In the past six months alone, Khan said he’s handled at least 30 claims of asylum seekers who sneaked over the border. Two of Khan’s clients, 24-year-old Seidu Mohammed and 35-year-old Razak Lyal, suffered severe frostbite when they got lost in a farmer’s field in waist-high snow on Dec. 24 en route to Canada. Mohammed has lost all of his fingers, and Lyal is left only with his thumbs. They have asylum hearings scheduled for next month.
Mohammed fled to the United States from Ghana in 2015, claiming asylum because of his sexual orientation. When his claim was denied, he made his way to Minneapolis. There he met Lyal, who is also Ghanaian, and the two traveled north to the border.
Khan said the increased flow of refugees north has become acute since the election of President Trump, particularly after last month’s travel ban was announced. “Nobody ever comes to Manitoba in the dead of winter. It shows how desperate they are,” he said.
“They really are afraid of what’s happening in the U.S.," said Rita Chahal, executive director of the Manitoba Interfaith Immigration Council. “They’re concerned about deportations and about not having a fair hearing in the U.S.” Chahal said her agency opened 270 new cases in the first nine months of 2016, compared with 60 or 70 in a typical full year.
The asylum seekers are taking these risks because of the Safe Third Country agreement between Canada and the United States, which means a refugee claimant must make their claim in the country of arrival. If they first land in the United States, Canadian authorities will send them back if they try to make a claim at the border. The agreement presumes each country is safe for refugees and is aimed at reducing “asylum shopping.”
But the agreement only is enforced at formal ports of entry like airports and land crossings. If you cross into Canada by foot and call the police or flag down a passing car, you’re free to claim asylum. With no barriers on the vast prairie, crossing over to Manitoba is relatively simple — in good weather.
Most of the claimants are Africans, with Somalis dominating. Abdinasir Abdulahi, an immigration lawyer in Minneapolis, said word of mouth is spreading in the city’s large Somali community that Canada is a viable alternative. “I had a court date a few days ago for a client who was wasn’t there. I bet he’s crossed into Canada,” he told The Post.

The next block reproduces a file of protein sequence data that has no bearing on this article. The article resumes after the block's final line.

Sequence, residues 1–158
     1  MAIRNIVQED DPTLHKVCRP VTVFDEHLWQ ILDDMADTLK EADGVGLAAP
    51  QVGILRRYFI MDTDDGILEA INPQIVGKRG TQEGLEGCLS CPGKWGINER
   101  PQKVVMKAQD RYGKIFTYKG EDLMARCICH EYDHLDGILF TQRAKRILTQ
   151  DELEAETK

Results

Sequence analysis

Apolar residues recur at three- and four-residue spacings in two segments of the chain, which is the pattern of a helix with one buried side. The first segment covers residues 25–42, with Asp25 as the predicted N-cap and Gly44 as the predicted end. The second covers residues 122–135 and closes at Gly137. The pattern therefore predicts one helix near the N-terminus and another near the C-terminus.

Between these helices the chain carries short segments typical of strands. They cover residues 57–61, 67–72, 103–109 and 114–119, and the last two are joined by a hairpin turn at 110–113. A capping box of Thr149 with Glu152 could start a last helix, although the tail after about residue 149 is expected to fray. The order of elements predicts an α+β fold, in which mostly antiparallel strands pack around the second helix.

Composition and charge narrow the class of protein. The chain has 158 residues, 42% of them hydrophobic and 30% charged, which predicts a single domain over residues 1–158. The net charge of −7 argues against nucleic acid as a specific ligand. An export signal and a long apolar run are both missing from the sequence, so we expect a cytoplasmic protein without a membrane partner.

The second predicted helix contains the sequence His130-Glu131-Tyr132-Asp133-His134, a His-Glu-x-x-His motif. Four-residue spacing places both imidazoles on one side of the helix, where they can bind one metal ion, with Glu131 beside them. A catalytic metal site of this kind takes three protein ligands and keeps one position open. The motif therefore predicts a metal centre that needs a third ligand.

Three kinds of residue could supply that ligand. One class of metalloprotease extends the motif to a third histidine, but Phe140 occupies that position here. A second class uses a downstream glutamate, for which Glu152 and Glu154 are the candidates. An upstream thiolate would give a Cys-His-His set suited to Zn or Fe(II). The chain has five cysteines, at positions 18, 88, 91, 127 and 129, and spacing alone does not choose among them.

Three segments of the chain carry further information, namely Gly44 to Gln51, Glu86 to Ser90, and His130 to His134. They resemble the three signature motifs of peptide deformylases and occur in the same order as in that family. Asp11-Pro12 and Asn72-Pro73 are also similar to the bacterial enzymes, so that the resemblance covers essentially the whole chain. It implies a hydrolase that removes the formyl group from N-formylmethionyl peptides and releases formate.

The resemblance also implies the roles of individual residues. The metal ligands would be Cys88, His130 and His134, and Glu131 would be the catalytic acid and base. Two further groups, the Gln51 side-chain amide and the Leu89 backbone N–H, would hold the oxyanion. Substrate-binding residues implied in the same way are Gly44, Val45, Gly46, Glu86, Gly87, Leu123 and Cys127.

Abdulahi said that even before the U.S. election, asylum claims were becoming more difficult for Somalis, and the denial rate has been rising. In part, it’s because of the Real ID Act, which requires asylum seekers to show identification documents they often can’t access or that have been destroyed because of the war and chaos that has prevailed in Somalia for years.
The U.S. system is much harsher than Canada’s, according to Khan, the Winnipeg immigration lawyer. Most asylum seekers are held in detention centers and don’t have adequate access to legal advice before their hearings, which are often held in the detention facility.
In Canada, the refugees are given access to a legal-aid lawyer and are free on their own recognizance. Khan said the success rate for asylum claims he handles is about 80 to 90 percent. And he praised the rural Manitobans who pick up the refugees as they cross the border. “Canadian farmers are very hospitable and polite. They have good values.”
Farhan Ahmed, one of the asylum seekers who crossed over last weekend, is a Somali who fled the country in 2014, fearing for his life. According to the Canadian Broadcasting Corporation, he flew to Brazil and traveled through South and Central America before crossing into the United States, where he was initially detained in Texas. His asylum application was denied, but thanks to a bureaucratic mix-up he was released under supervision and given work authorization.
Ahmed worked as a truck driver, but immigration officers began looking for him. That’s what took him to the Manitoba border, which he crossed with a group that included a family with children. They walked for four hours into Canada before calling 911.
Already Ahmed told the CBC that he is feeling welcome. “Canada is a good country. It is a friendly country. I wish we [can get] protection because I cannot go back to Somalia, and I have a wife and kids I haven’t see in like two, three years,” he said. “I wish Canada that they give me a new life.”